From MIT Technology Review:
Genomics pioneer J. Craig Venter says if he had your genome he could pick you out of a crowd.
by Antonio Regalado September 7, 2017
On Monday, the California gene-hunting company Human Longevity published a paper making the bold claim that it can identify individuals using their genomes to predict what their faces looks like.
The assertion—that your DNA can be used to create a photo-like reconstruction of you—has potentially big implications. It would allow police to pick suspects out of a lineup using a blood spot and it would mean no genome collected for research is truly private.
But a withering reaction to the face-prediction paper by scientists on social media is probably not what Human Longevity’s founder, the famed genomics expert J. Craig Venter, had in mind.
Venter was an entrepreneur who elbowed his way into the government’s Human Genome Project in the 1990s and vastly sped it up.
According to two experts who reviewed the paper—and one former employee—Venter can’t actually pick a person out of a crowd using a genome, and his report had difficulty finding a publisher.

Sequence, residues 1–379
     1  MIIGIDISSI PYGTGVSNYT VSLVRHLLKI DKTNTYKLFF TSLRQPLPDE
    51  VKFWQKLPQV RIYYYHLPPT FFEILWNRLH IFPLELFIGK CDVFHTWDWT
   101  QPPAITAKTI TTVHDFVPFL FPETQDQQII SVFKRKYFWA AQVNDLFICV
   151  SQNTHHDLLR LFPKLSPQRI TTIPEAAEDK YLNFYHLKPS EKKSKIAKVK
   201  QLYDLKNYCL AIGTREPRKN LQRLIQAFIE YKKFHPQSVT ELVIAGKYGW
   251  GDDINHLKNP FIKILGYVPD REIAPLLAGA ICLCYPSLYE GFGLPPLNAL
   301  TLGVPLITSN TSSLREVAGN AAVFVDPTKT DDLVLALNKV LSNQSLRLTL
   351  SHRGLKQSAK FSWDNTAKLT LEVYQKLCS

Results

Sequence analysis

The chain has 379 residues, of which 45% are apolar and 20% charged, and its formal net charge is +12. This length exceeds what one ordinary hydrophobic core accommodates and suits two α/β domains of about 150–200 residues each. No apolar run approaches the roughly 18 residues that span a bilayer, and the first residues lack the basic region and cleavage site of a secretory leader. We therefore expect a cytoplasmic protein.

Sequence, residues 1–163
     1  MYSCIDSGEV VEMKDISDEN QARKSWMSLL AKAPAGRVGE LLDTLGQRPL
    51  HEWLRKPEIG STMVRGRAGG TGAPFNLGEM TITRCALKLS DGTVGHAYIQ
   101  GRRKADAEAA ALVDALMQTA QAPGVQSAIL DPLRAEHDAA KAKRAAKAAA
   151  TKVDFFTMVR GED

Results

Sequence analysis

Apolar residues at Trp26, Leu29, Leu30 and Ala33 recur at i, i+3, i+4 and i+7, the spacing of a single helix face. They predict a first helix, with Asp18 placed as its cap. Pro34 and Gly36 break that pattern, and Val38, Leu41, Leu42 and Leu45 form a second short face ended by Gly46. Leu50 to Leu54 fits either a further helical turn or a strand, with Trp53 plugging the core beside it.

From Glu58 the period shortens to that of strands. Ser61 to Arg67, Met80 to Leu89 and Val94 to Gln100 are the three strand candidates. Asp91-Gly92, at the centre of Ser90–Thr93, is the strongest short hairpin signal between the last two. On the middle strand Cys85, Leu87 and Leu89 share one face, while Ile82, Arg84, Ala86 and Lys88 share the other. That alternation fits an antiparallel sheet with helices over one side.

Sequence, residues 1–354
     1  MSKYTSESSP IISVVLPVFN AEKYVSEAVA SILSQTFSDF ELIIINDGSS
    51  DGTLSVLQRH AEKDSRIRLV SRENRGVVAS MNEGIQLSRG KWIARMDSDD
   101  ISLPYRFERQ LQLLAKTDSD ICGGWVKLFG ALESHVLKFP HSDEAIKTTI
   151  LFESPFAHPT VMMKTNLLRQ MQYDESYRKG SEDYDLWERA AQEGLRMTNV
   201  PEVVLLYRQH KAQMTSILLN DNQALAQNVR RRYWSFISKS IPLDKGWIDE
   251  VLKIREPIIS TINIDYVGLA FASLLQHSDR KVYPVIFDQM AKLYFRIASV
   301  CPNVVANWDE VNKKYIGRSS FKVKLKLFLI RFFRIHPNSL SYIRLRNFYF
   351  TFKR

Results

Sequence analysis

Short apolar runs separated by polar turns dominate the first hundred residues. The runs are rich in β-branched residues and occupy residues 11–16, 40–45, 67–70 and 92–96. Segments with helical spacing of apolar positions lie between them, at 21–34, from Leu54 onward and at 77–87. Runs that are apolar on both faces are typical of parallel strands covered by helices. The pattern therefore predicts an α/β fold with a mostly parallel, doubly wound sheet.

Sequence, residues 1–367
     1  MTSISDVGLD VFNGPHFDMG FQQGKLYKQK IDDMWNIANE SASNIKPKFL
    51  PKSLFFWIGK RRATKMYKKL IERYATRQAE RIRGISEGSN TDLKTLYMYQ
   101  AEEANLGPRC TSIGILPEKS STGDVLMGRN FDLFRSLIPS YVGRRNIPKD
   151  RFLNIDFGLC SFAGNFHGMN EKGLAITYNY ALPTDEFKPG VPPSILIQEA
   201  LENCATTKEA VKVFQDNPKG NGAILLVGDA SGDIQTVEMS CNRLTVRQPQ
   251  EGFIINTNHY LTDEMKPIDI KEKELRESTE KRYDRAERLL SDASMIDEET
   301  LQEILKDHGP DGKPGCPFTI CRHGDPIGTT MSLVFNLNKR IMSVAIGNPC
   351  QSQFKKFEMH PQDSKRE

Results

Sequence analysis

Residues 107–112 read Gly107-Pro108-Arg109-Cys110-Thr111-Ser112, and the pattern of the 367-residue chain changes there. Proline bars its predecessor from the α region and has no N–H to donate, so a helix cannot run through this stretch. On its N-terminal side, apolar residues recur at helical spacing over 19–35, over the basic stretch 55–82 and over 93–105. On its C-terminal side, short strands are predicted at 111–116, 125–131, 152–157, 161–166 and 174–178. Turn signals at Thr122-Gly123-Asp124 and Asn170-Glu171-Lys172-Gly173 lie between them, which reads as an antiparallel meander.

“Craig Venter cannot predict faces,” Yaniv Erlich, the chief scientific officer of MyHeritage.com, a genealogy website, said bluntly on Twitter. To make the point, Erlich posted Venter’s prediction of his own face, noting that it looked more like actor Bradley Cooper than the biologist-turned-entrepreneur.
From L to R: Craig Venter, Venter’s prediction of what he looks like based on his own DNA, Bradley Cooper
… But skeptics say Human Longevity actually uses a person’s race and sex—easily measured from simpler DNA tests and not a new idea—to create pictures that portray average faces, not specific ones, as the company said.
Ironically, Venter played a large role in promoting the popular myth that Race Does Not Exist with talking points he asserted at the White House Rose Garden ceremony in 2000, such as “Race is a social concept, not a scientific one.”
Using its method, the company reported it could pick the right person from a lineup of 20 photographs about 70 percent of the time. But after discarding people of a different sex and race than the subject, accuracy dropped drastically. Used to pick a specific European man out of a lineup of 20 other European men, it was right 11 percent of the time.
So that’s a little over twice random luck (5%). Using advanced genetics to identify facial features gets you from 5% to 11%, while using basic genetics to identify sex and race gets you from 11% to 70%.
It’s almost as if the Bill Clinton-Venter-Collins speeches in the Rose Garden in 2000 about how genetics proves race isn’t scientific were political rather than scientific.